The pandemic panic thrust grocery chains into chaos this spring, and to simplify the produce department, many reduced SKUs and sidelined premium apple varieties.

“That really hurt club apples,” said Roger Pepperl, marketing director for Stemilt Growers. “We’re seeing the SKU count come back now that people aren’t hoarding toilet paper. There’s more room on supermarket trucks.”

COVID-19, the disease caused by the novel coronavirus, has disrupted almost every aspect of the produce supply chain in some way, but it hit especially hard for new and niche apples trying to build relationships with retailers and consumers. 

“Your plan for putting new products in front of customers, it was gone overnight,” said Don Roper, vice president of sales for Honeybear Brands. He canceled more than 100 demos for Pazazz.

Retailers have since regained their footing and begun to stock more than just the core varieties again. But in this new normal, where consumers continue to shop online or are shifting their in-store habits, marketers must identify how best to introduce and promote apple brands online and rethink their approach to packaging when shoppers now prefer to grab a pouch bag of untouched apples.

“We were just starting to say that we have to get rid of all this plastic to protect the planet, and now it’s whiplash. The fastest selling apple SKU is a pouch bag,” Roper said. 

That’s an opportunity for branded apples, many of which are bicolored fruit that look pretty similar in a bulk display, with just a small sticker for identification, said Bob Mast, president of CMI Orchards. 

“One of the challenges with selling these proprietary varieties is: ‘How do you set them apart for consumers?’” he said. Bag sales allow for more marketing and space to “educate consumers on what makes them special.”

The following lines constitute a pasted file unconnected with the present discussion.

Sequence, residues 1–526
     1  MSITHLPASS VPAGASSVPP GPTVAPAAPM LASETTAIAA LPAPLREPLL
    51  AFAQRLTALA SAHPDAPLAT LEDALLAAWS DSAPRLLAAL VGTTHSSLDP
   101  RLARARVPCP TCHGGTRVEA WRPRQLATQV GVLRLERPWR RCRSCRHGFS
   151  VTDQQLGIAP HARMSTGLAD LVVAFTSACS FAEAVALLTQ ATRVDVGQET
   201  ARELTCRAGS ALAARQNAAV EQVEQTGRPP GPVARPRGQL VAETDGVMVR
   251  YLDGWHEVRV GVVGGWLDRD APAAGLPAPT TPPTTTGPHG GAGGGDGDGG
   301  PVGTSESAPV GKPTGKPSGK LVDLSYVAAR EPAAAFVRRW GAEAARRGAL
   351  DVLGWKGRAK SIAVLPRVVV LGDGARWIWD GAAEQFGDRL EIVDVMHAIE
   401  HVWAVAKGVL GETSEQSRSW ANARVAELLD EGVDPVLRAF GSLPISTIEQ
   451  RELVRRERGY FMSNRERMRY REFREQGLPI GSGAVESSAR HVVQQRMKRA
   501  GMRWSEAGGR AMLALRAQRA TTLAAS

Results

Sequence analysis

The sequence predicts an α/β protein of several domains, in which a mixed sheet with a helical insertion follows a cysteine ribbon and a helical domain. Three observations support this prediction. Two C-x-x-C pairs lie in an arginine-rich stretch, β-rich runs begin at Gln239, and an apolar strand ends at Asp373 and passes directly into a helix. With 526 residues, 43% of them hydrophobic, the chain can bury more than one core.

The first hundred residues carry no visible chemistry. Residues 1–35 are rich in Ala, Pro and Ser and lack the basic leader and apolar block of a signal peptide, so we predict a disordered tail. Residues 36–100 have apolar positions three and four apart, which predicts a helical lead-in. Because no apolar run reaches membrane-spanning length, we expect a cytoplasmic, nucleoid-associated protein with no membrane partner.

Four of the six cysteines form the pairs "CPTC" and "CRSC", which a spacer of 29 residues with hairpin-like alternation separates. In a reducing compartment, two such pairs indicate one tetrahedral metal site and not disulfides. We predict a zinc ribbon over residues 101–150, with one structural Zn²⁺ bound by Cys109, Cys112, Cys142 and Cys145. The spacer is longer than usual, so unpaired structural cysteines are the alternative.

Online shopping could be very difficult for products that lack consumer awareness, said Steve Lutz, an industry consultant at Category Partners. A customer looking for apples may just click on Gala or Honeycrisp, rather than scroll a list to find something new to try or remember the name of the apple they liked last year.

Honeycrisp apples have long set the standard for what consumers are willing to pay for a really good apple. That has inspired fruit companies to invest in developing their own premium varieties, but Honeycrisp price declines may now have a ripple effect throughout the industry.  (TJ Mullinax/Good Fruit Grower)
Honeycrisp apples have long set the standard for what consumers are willing to pay for a really good apple. That has inspired fruit companies to invest in developing their own premium varieties, but Honeycrisp price declines may now have a ripple effect throughout the industry. (TJ Mullinax/Good Fruit Grower)

Pepperl expressed optimism about the potential of online shopping for apple sales. Websites often offer an opportunity to provide shoppers more information than a store display can, and to tell an apple’s story. He’s also excited about the potential of more targeted digital advertising within these shopping platforms.

“Can we pop up an ad for the people who bought Rave to buy SweeTango? Then we are marketing to a set of customers who already buy premium apples,” he said. “The capabilities are really endless. It’s whether we maximize them that is the question.” 

In this era of social distancing, social media marketing has also become even more important to help connect consumers to fruit, said Tenley Fitzgerald, vice president of marketing at Yes! Apples, the brand launched by New York Apple Sales in 2019.

“With harvesting coming up, we have an opportunity to introduce all our varieties to consumers in interesting and fun ways” by partnering with social media influencers, Fitzgerald said. For example, she’s promoted Koru with outdoor athletes as an apple that’s ready for adventure. 

Beyond marketing challenges and innovation, the pandemic-driven unemployment and economic stress may also move some consumers away from the premium apple sector, Lutz said.

But the challenges facing branded apple programs in 2020 can’t be pinned solely on the pandemic, sources agreed. 

“This COVID is taking the blame for a lot of things that were going to happen anyway,” Pepperl said. “There’s a lot of good apples out there right now, and you have to be great.” •

by Kate Prengaman